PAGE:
Imagine this, you open up Facebook and find a message from a prospect asking for your help with
a project. You open up LinkedIn and find another message from someone wanting to discuss your
Later, you log back into Facebook and see a post from a local businessperson asking for SEO
copywriting help and 6 out of the 8 responses are other people recommending you. Sounds good,
doesn’t it?
It’s happened to me and it can happen to you, too.
Social media is one of the best and easiest ways to research potential clients and start the
relationship-building process that can land you the assignments you want.
Because ultimately, whether you receive a project or not, getting work is all about two things:
relationships and perception.
That’s where social media comes in.
You can use Facebook, LinkedIn, Twitter, and other networks to showcase your knowledge and
connect with others.

Here are 3 Ways You Can Use Social Media to Land Clients

  1. Connect with people. When you meet people at an event and they give you their business
    card, follow up with a request to connect via LinkedIn. Or, if it’s a more personal
    connection, via Facebook.
    Send a message reminding them of where you met and why you’d like to connect. If they’re
    on LinkedIn, review their profile. Do they work for an organization that might hire
    freelancers? Who else do they know? What groups are they in?
    Don’t try to sell yourself yet. At this point, you’re just gleaning information. To keep track,
    you can use a spreadsheet.
  1. Join relevant and active groups on LinkedIn. Review a dozen or so groups and then
    choose three to four that you plan to stick with. More than that gets unwieldy. For groups
    to be useful, you have to participate. Effective social media directly relates to the value you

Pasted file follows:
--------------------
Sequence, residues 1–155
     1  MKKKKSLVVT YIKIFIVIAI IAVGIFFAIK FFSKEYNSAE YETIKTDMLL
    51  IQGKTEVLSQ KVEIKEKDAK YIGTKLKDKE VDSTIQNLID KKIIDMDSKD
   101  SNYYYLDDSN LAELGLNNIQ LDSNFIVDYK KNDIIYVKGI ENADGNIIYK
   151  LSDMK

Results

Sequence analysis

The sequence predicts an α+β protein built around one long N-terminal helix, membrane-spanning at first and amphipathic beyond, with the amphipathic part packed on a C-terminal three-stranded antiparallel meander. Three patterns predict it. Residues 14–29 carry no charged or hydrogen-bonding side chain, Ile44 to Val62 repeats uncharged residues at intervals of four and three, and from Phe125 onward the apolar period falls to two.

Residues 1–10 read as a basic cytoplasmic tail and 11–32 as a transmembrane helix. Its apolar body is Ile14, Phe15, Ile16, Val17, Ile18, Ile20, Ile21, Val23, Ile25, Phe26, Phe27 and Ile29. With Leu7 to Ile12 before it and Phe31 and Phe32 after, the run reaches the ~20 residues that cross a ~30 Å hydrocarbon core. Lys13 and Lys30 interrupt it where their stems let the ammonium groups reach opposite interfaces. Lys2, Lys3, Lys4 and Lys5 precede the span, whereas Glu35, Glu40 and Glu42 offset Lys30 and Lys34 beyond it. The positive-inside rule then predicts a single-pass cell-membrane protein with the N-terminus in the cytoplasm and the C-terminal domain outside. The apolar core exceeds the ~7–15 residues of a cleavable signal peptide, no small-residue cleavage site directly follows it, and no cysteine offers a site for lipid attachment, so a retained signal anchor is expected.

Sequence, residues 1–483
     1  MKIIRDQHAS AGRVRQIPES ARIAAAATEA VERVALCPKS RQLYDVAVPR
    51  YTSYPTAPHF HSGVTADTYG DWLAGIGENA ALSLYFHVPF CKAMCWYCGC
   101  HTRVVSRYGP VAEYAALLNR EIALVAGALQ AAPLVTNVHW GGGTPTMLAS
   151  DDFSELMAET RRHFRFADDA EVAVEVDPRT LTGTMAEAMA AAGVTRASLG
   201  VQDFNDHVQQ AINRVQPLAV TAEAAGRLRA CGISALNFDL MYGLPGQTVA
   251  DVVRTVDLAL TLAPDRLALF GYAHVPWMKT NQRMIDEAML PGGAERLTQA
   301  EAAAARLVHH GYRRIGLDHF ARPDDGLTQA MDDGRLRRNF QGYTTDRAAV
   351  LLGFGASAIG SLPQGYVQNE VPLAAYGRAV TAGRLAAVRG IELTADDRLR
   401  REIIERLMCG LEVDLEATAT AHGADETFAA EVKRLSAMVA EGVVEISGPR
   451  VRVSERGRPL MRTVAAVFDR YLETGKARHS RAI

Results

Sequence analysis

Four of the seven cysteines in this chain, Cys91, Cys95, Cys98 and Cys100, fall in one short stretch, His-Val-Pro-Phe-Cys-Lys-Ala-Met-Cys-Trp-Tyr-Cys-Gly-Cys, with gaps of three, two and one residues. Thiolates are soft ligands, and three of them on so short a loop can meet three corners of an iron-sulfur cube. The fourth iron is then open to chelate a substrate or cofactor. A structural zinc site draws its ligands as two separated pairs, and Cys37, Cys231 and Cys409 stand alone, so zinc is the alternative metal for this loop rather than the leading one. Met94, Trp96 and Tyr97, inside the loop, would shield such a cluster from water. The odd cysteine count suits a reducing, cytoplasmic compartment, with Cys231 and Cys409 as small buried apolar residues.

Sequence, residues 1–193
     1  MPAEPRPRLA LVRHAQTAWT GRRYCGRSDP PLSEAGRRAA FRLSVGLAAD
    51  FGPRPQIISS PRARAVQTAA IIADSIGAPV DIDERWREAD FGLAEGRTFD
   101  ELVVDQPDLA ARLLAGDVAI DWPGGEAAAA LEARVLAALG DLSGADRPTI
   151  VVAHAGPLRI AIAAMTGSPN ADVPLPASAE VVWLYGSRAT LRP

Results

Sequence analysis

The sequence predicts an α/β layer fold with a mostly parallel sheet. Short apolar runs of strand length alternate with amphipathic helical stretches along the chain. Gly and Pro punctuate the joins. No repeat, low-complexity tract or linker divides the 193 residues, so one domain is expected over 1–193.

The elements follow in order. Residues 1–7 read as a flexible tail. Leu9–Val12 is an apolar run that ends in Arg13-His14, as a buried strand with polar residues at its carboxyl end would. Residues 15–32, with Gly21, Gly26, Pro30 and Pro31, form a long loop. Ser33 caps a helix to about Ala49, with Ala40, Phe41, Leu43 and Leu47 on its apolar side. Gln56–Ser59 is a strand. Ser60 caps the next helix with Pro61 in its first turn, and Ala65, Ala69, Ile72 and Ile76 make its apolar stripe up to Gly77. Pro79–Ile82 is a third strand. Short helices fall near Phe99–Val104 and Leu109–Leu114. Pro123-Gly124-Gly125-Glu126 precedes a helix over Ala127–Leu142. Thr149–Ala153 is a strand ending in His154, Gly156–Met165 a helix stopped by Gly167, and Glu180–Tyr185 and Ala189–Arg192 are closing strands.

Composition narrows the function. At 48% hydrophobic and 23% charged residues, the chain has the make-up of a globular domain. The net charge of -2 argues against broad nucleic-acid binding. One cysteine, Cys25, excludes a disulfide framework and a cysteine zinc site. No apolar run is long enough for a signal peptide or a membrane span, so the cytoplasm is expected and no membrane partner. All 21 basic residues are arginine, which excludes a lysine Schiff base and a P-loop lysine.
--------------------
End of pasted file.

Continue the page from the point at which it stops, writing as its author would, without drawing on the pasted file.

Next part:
give. Schedule 15 minutes, 3 times a week to scan the discussions and comments in the
    groups you joined. If you have something valuable to add, add it.
    Tip: Don’t try to sell here. Be helpful and share value as if you were talking to a friend.
    The networking group BNI has an expression, “Givers Gain.” Don’t drop in links to your
    website or contact info at first. You want to be helpful, not spammy.

Once or twice a week, create a new discussion in each of your LinkedIn groups. This can
be a question you have, an interesting article you read, or a blog post you wrote (yes, you
can post that here).
This shows your willingness to share information and your knowledge. People in the group
will reach out to you to connect. If you’ve positioned yourself as an expert, some of those
people will want to hire you.

3. Join Facebook groups relevant to your industry and to your town if you do business
My town, Doylestown, Pennsylvania, has a community group page that has become a
resource for all things Doylestown. It operates almost like a mini “Angie’s List” with
people constantly asking for referrals for painters, doctors, and yes, even SEO copywriters
(that’s where my referrals came from). Get to know the moderators of this group page if
you do business locally. If the page is successful and active, these moderators will know
many people in town.
If local business isn’t part of your marketing mix, you’ll want to concentrate more on the
Facebook business pages and on the LinkedIn groups.